News | 19 May 2016
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Green light for Capital's northern urban cycleway

A safer cycleway along Hutt Road has been given the green light from Wellington City Council’s Transport and Urban Development Committee at their meeting today as they voted in support of the recommended staged approach to implementing the cycleway and other transport changes along this busy route.

Cyclists on Hutt Road cycleway.
Hutt Road cycleway

City Councillors voted unanimously for the recommendations put forward by Council officers to improve the path. Parking solutions will be looked for in order to subsequently move the car parks from the shared path. This will mean the shared path can be upgraded and widened but not yet converted to the two-way cycleway and dedicated pedestrian path. 

The Hutt Road cycleway will be the first in Wellington to benefit from the Government’s Urban Cycleways Programme, with two-thirds of the $9m cost for the whole Ngauranga to CBD route from the Urban Cycleways Fund and National Land Transport Fund. 

Wellington Mayor Celia Wade-Brown says the staged approach is a sensible way forward and will ensure the cycleway is built. “The need for a safer cycling path along Hutt Road is growing steadily and with support from our funding partners, the NZ Transport Agency and Government, the Council has been able to make this a high priority.”

Hutt Road is one of the busiest cycling routes in Wellington, with cycling demand growing year on year. At peak times, there are more than 400 riders an hour which is twice as many people on bikes on this route as 10 years ago. It has a poor safety track record with 26 reported crashes involving a person riding a bike from 2009-2013.

“The upgraded path will mean safety is improved and it will be a much more pleasant ride, walk or run for those who already use it. It will encourage more people to travel by bike and is a great start as we work towards reducing congestion along Hutt Road and creating a cycle network in the city. Fewer cars will help to make the Capital a more sustainable and attractive place to live”, says Mayor Wade-Brown.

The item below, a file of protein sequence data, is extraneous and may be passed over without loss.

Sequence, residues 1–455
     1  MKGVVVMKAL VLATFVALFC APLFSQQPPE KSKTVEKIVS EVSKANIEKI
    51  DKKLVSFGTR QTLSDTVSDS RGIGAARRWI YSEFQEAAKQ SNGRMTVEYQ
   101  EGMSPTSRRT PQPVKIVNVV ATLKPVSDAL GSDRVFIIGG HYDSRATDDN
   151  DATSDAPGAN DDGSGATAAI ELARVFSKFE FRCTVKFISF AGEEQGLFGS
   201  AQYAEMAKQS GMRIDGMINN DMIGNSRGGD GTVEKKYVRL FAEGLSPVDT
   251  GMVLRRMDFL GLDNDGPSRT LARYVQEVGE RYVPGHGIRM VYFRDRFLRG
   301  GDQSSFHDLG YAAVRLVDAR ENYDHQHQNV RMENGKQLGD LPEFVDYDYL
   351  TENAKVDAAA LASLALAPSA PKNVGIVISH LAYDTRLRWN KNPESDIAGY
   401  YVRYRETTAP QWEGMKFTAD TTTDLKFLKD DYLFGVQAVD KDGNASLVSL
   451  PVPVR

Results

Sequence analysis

Councillors present also unanimously supported the Great Harbour Way, noting existing work, including co-funding for the hardest stage from Petone to Ngauranga, means the resource consent will be lodged by the Transport Agency in the next few months.

Mayor Wade-Brown says: “The Great Harbour Way, involving Living Streets, Cycle Aware and Rotary clubs is a superb community, tourist and recreational route from Pencarrow to Owhiro Bay. Today its full realisation is a step closer.”

The Hutt Road will provide connections to the Hutt Valley – particularly once the NZ Transport Agency builds the Petone to Ngauranga cycleway. 

NZ Transport Agency Regional Director Raewyn Bleakley says the improvements to the Hutt Road cycleway are a critical piece of the wider transport network, including planned investment to make the journey for cyclists from Wellington to the Hutt Valley safe, consistent and connected.

“As there has been a surge of interest in cycling and cycle safety in Wellington and right across New Zealand, we are committed to supporting and encouraging that trend, particularly in our main urban centres.”

The Chair of the Council’s Transport and Urban Development Committee, Councillor Andy Foster, says the parking situation is less than ideal especially for pedestrians. 

“Most of the construction work can go ahead as planned, including bus priority lanes and new pedestrian and cycle crossings at the Ngauranga intersection. However we need to establish how many people park near their place of work in the immediate area and how many are commuters who park and continue on into the city on foot, by bike or public transport.”  

Council officers will provide more detailed information on parking demand and alternative options for commuter parking, likely by the end of this year. 

Cr Foster says the NZ Transport Agency technical review says the residual safety risks around commercial driveways can be mitigated by careful design and warning devices. Work on the section of shared path between the Caltex Fuel Stop and Ngauranga intersection will be delayed until the Petone to Ngauranga cycleway is completed in four or five years or there is a further surge in demand.

The traffic lanes on Hutt Road will remain as they are until the parking is relocated from the shared path. The T2 lanes will be subject to improved capacity on the southbound motorway and could be some years away. 

Detailed design work will get under way and construction could begin within months.